Violence Against Women Act extension included in stopgap spending deal



The audience at the Department of Interior reacts as President Barack Obama signs the Violence against Women Act, Thursday, March 7, 2013. (Pool/Dennis Brack/Black Star/MCT)

The Violence Against Women Act, which was set to expire Sept. 30, will be extended through Dec. 7 under a stopgap spending bill released Thursday.
“Any program, authority or provision, including any pilot program, authorized under the Violence Against Women Reauthorization Act of 2013 shall continue in effect through the date specified,” the bill text reads.
The short-term continuing resolution will provide funding to keep the government operating through Dec. 7 as Congress continues work on the fiscal 2019 appropriations bills.
Earlier Thursday, Rep. Elise Stefanik, a New York Republican, filed legislation that would extend the current Violence Against Women Act for six months and give lawmakers more time to negotiate potential changes.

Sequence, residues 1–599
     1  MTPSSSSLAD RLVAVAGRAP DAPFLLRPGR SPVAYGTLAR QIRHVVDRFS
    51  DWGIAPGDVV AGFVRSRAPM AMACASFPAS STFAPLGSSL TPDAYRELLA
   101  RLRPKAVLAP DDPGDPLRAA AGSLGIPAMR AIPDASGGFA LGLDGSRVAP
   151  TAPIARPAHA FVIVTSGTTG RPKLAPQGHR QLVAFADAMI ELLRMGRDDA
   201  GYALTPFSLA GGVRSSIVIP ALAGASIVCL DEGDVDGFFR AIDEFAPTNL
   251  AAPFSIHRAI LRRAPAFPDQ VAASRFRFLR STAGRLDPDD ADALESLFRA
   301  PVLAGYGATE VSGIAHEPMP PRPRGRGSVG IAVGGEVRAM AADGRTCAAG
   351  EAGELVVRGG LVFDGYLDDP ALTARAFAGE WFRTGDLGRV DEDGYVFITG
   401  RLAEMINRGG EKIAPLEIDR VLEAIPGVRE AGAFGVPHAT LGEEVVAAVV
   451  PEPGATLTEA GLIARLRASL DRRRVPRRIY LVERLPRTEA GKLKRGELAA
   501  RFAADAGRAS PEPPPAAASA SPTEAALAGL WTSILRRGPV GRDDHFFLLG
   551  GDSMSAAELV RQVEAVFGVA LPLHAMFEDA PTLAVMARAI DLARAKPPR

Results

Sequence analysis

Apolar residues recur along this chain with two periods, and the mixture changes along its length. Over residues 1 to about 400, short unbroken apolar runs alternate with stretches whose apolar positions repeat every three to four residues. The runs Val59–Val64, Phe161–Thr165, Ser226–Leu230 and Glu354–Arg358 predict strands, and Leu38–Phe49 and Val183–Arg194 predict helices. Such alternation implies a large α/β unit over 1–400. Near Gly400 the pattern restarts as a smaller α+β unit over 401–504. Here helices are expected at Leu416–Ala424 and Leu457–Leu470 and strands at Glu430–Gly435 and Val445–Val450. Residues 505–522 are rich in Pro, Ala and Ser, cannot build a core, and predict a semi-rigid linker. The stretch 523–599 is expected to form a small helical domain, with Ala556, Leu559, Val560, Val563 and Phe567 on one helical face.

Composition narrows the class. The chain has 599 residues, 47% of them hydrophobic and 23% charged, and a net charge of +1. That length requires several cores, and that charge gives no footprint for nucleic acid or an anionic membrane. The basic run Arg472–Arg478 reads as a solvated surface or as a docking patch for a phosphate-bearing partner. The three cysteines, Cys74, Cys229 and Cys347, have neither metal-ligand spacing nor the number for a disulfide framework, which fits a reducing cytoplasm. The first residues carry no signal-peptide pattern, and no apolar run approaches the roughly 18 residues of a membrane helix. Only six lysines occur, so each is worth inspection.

Congress first passed the landmark domestic violence law in 1993 and most recently reauthorized it in 2013.
A reauthorization proposal, introduced by Democrats in July, includes provisions to help victims of domestic violence and stalking stay in stable housing situations and to bar evictions based on the actions of an abuser. It also includes an expansion of gun control laws aimed at prohibiting persons convicted of dating violence and stalking and those under protective orders from possessing firearms. Some states already have so-called red flag laws in place, with the aim of preventing escalation of violence.
Neither chamber has taken action on the new Violence Against Women Act reauthorization proposal yet.
Earlier this week, 46 House Republicans called on Speaker Paul D. Ryan and Majority Leader Kevin McCarthy to bring a reauthorization of the Violence Against Women Act to the floor before its Sept. 30 expiry date.